Did you have any idea what was down there? [At Crystal Rapid
in 1983, during an illicit speedrun attempt on 72,000 cfs …
just after the rapid had been closed to the public for safety reasons.]
“Yeah, we knew there'd be a big one down there …
But basically we were totally unprepared for what we saw. We're
just going, oh man we've gotta get through this thing …
we look down, we see where we've gotta go, you can see where
the lateral starts and you know you gotta be in above that lateral
or you're dead meat. But there were rocks there, really shallow
rocks. There was a little tamarisk tree out there waving in the
current and behind it looked like a pourover and I just went, God,
can I go over that? … So I came in just as close to it as
I thought I could and I went uhn-UHHHhhhh … I hit that lateral
and we just went woooooosh … Got the big surf right out to
the very center of the hole and just lined it up and got it straight
… I just pushed hard and stood up and went forward with Wren.
Me and Wren were plastered against the bow but you could feel it
before you ever got there, you know. There was no way. It just snapped
us straight over. I had hold of my oars as tight as I could grip
em. I was thinking I'm not lettin' go of these f@#$%
oars cause they're tied to the boat! You knew you didn't
want to get away from the boat at all and, uh, I hadn't even
completed the thought, they just went bing, bing and I was gone.
I went down, down, down … felt myself coming back up, still
getting tossed around and came up and pfooo! cleared the water out
of my eyes and two feet away was the Emerald Mile. I just went yeah,
baby! Here we are! … And I hear this gasping and I look over,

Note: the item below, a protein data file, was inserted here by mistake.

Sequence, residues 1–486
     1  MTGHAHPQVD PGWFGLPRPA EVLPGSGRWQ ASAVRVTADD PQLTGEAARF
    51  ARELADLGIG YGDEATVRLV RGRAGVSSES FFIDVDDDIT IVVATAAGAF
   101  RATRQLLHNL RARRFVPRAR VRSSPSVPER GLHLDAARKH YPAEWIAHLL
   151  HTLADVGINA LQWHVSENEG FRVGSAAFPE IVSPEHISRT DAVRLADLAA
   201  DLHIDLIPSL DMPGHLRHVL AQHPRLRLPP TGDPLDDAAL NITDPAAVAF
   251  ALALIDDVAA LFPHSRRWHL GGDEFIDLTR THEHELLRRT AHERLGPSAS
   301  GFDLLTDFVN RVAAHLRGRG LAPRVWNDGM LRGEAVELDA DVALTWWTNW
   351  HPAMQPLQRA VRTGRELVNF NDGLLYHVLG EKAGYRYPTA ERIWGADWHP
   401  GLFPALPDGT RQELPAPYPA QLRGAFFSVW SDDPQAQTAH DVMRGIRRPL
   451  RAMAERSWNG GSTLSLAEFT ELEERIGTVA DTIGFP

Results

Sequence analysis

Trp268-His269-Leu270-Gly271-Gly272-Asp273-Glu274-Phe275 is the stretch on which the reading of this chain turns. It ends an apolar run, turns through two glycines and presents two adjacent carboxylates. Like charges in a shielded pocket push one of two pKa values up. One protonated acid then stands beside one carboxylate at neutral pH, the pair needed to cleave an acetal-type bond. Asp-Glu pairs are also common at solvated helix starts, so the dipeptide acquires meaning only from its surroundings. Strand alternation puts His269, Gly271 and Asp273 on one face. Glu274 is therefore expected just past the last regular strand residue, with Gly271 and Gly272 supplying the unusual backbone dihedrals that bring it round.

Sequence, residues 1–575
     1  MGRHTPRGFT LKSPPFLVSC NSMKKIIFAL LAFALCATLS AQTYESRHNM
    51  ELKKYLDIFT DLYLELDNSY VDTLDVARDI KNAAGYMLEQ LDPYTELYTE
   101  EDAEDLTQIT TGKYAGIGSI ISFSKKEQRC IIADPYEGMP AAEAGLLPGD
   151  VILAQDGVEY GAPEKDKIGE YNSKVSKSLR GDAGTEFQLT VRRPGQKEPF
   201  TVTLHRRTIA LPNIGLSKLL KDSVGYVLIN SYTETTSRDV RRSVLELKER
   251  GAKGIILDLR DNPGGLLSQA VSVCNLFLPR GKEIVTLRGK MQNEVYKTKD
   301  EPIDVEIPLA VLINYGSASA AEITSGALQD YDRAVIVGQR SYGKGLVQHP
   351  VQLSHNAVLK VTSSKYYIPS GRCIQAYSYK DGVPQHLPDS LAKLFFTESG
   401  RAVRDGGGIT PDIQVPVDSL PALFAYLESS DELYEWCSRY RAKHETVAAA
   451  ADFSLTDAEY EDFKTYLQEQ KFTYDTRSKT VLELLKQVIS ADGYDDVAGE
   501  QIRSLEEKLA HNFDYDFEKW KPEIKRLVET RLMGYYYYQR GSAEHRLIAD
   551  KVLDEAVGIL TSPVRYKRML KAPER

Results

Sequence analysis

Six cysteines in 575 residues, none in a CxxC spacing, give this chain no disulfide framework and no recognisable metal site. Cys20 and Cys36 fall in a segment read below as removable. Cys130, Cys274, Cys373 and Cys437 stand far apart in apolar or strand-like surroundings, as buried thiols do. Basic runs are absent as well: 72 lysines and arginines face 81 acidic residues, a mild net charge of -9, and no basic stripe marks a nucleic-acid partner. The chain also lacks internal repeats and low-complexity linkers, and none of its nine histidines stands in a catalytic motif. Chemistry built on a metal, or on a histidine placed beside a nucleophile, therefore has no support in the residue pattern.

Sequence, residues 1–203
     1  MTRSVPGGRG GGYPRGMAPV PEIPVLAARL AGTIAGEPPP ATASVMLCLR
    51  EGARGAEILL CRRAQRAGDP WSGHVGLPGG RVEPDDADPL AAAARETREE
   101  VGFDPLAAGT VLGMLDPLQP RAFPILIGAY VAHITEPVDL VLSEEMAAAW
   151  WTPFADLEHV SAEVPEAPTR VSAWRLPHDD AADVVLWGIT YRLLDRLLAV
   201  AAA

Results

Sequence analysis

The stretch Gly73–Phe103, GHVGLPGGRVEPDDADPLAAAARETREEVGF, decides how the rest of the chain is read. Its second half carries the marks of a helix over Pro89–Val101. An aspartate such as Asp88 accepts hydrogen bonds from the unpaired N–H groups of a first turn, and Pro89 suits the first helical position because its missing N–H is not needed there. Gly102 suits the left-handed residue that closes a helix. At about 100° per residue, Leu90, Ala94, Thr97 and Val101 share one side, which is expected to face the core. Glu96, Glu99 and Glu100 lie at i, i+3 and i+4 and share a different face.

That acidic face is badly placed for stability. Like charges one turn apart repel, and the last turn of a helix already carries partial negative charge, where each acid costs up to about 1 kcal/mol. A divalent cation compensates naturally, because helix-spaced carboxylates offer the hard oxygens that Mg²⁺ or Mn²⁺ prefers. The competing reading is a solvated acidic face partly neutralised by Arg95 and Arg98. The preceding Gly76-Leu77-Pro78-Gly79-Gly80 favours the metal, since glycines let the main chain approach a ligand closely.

about ten feet downstream is old Rudi so I stick my foot out for
him … We were just going … WHOOAAA … It was an
intense flip, really intense experience underwater. It seemed like
It wasn't a regular hole. It was perfection in a hole, you
know. You had about, maybe a hundredth of a percent chance of making
it through. If you ran it a hundred times in a dory, you probably
wouldn't make it through once.
So Wren was about 40 feet away right out in the middle of the river
swimming along and the Emerald Mile was headed for the right shore
… Me and Rudi got on top of it and loosened the flip line
and we were just haulin' ass down the right side and we're
going oh man. Now we're gettin' close to the shore.
… We got it on its side and almost over, started to come over
and flunk! the flip-line broke. Shitty old flip-line and MMMwwhoom!
it goes back down and about two seconds later: crunch! crunch! we
tag a pourover. But all it did was take off the very tip of the
bow and the stern posts …
In the Grand Canyon résumé department, Kenton
Grua, a.k.a. the Factor, takes the cake. (Years ago, his pals nicknamed
him “Factor” because that's what he was …
this additional element you always had to factor in whenever you
were on a river trip, or in the warehouse, or anywhere with him
… frequently brilliant, sometimes insane, usually intense
… always a factor.)
He started out a passenger at age 12 on a Hatch trip up in Utah,
went to work for Ted Hatch in the late '60s; then GCE; then
Martin Litton; then OARS/Grand Canyon Dories when Martin sold the
company. In 1983 – with a lot of help from the river –
Kenton, Rudi Petschek, and Steve Reynolds somehow managed to row
from Lees Ferry to the Grand Wash Cliffs in just under 37 hours,
thereby setting the speed record for a Grand Canyon trip. (The tale
above was excerpted from that adventure.)
But that kind of stunt was nothing new. Years before, when the place
still had a frontier feel to it, Kenton walked all the way through
– from Lees Ferry to the Grand Wash Cliffs – in a spectacularly
short time too. And, as if those antics weren't arrogant,
audacious and irreverant enough, ten years ago he called a meeting
of as many river guides as he could round up and put forth the idea
of Grand Canyon River Guides, Inc … which got GCRG started,
and him elected President of the durned thing.
Last month, we had the bright idea that since this issue marked